A Powerhouse Fighting for the People – Beth Klein, The True Power of Attorney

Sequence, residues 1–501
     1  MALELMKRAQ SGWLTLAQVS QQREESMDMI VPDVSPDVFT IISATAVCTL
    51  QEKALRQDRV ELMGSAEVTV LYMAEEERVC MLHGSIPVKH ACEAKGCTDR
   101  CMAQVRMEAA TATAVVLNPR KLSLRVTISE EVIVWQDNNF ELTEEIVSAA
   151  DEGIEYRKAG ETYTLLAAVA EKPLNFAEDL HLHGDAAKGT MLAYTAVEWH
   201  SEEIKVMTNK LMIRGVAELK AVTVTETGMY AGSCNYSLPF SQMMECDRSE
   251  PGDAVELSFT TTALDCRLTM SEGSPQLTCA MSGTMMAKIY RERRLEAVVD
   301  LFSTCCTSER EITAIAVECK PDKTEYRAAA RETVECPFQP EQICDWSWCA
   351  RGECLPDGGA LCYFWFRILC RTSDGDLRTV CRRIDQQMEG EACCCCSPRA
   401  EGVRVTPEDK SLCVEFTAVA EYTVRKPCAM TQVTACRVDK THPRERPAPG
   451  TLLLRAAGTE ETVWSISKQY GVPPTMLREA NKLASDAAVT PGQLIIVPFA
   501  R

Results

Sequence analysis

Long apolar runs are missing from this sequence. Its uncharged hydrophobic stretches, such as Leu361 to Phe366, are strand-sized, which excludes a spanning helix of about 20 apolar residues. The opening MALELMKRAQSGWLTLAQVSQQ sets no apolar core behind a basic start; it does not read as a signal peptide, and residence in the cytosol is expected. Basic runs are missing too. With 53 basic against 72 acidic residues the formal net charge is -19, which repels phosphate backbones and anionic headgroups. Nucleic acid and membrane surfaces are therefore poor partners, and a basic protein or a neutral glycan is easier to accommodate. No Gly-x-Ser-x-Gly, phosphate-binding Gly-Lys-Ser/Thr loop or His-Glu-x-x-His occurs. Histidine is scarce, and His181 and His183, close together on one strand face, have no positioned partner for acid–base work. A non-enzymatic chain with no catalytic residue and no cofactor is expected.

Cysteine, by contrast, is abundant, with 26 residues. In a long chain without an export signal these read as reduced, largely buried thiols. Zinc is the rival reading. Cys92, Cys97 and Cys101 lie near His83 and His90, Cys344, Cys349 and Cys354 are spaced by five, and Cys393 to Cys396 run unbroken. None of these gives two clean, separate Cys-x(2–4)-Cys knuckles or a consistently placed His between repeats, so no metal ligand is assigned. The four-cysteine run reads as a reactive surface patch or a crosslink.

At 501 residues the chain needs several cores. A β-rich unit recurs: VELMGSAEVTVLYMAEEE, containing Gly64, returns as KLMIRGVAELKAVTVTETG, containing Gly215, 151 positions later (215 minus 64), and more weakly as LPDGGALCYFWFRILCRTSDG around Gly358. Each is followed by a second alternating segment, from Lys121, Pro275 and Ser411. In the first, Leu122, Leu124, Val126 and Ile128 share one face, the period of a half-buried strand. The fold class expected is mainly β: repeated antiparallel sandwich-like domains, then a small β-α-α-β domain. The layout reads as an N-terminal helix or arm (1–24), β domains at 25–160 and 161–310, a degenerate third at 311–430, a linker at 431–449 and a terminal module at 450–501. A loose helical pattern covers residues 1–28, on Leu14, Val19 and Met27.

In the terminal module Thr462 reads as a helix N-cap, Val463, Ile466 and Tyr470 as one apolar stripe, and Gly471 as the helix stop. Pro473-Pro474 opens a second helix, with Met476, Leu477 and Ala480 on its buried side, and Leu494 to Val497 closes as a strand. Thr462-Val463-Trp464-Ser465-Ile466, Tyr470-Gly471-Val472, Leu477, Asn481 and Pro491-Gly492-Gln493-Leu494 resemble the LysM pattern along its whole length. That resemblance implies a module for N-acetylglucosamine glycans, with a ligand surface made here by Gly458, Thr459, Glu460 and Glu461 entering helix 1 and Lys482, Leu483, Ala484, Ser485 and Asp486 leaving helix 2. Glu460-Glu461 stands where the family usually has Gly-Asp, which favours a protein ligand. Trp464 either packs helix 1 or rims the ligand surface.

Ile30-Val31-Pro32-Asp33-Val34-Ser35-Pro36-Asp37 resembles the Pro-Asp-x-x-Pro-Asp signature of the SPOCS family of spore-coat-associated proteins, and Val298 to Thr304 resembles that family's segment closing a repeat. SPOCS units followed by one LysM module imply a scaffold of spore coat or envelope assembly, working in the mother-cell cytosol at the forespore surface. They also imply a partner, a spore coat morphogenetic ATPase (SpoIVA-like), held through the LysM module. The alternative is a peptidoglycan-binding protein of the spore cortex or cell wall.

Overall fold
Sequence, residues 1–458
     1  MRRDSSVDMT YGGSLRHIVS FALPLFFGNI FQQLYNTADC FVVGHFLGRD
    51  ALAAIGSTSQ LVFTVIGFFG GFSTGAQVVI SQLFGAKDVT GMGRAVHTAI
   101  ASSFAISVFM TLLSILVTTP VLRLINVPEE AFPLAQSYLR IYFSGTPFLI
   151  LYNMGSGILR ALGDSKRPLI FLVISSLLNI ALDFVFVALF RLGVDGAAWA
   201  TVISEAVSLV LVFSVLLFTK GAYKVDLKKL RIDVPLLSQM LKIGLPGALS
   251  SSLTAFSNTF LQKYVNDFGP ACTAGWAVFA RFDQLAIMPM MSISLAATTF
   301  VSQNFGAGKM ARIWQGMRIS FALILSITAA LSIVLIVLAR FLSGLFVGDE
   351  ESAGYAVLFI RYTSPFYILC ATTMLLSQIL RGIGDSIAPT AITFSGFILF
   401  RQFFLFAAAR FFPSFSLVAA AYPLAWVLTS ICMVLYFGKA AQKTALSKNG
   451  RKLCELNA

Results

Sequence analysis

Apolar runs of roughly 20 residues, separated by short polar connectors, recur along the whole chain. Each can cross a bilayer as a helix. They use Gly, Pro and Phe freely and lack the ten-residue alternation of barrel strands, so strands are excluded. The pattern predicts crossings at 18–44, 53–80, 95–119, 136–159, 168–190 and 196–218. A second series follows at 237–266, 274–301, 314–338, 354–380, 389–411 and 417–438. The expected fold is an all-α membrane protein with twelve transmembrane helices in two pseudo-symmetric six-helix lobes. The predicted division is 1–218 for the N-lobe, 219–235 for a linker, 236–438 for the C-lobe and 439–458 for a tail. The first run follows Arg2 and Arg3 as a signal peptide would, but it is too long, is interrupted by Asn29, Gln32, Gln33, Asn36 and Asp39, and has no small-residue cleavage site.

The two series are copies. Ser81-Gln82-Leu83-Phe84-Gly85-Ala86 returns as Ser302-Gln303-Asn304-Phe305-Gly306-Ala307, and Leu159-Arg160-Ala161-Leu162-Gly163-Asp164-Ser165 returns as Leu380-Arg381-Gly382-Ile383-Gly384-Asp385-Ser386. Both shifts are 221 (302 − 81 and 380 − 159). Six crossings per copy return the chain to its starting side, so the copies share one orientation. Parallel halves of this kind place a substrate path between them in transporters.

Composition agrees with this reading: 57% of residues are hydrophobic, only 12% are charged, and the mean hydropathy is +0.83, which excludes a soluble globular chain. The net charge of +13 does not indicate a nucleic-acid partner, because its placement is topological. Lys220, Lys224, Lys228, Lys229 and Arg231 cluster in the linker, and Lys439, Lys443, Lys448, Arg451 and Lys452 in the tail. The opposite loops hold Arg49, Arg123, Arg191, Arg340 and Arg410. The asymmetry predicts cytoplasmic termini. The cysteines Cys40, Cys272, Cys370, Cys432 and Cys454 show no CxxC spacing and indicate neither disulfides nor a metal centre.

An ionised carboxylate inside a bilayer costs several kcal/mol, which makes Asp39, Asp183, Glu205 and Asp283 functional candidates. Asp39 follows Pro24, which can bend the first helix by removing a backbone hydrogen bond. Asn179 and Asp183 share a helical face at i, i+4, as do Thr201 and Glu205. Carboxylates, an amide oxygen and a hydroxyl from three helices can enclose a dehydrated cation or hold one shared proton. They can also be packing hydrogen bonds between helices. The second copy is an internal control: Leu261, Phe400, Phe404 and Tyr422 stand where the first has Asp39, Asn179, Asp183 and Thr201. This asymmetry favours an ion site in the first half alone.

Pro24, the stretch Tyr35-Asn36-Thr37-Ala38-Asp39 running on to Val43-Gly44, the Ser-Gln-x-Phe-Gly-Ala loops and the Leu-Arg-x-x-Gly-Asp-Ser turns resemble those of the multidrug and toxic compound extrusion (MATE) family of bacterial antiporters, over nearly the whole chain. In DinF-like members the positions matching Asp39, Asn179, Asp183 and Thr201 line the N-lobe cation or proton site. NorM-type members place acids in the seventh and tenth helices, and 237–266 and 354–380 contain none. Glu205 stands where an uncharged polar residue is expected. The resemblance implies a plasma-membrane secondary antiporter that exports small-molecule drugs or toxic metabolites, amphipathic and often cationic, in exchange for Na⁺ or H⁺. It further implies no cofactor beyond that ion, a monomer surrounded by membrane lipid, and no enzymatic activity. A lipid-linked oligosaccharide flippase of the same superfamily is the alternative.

the story of Haiti it was not a case that you're involved with tell us about that the Haiti earthquake came and I got a call and the mom was on the phone and she's I've got an adopted two-year-old she's at the gods Little Angels orphanage in Haiti everything's crushed people are dead these kids are running around there's no food there's no water everything is happening can you do something what do you do you can't say no okay well we'll do whatever we can and then we wanted to get jets to go down and get kids that had been legitimately adopted in Haiti back to the their parents in the United States there were bidding wars for planes and we raised so much money every child got back to the United States for free every child says are we talking about here 750 [Music] [Applause] [Music] here with me today is Beth Klein one of the nation's top trial attorneys you're part of a team has been working the last ten years to get a bill that was just signed into law by the president you've been named well the top 50 most powerful women in the world that you won't on your side with people like Oprah and Michelle Obama and just a powerhouse and fighting for victims and human trafficking but you do so much more I mean what do you tell people you do at a cocktail I tell them exactly what I do and that's I used my powers for good I have a life commitment to the health safety and well-being of all children and that is the context from which I run my life and make my decisions take action and it is a magnificent way to run a life and to have all the things that you do be consistent with that be known for that and have the opportunity to really solve some big problems within there that world and I love it that's fantastic is this what you always knew you wanted to do when you grew up well I knew that I wanted to be an attorney when I was 10 in fifth grade and I made that decision right then and there was there something happened at that time I went to elementary school in Colorado Springs and back in that time there was a lot of racial tension in our community and we had one family who was black and their daughter Vera was my age and era became my best friend we used to spend our time at recess flying around holding hands running around a playground and one day a big bully named Scott came up and pushed Farrah down and she was so little and she was on the ground and bleeding and crying and I stood up to big Scott my eyes met his belly button and looked up at him and said I'm gonna sue you and he just laughed and he said you don't know what that even means and he was right I did it so I went home that night and I talked to our next-door neighbor mr.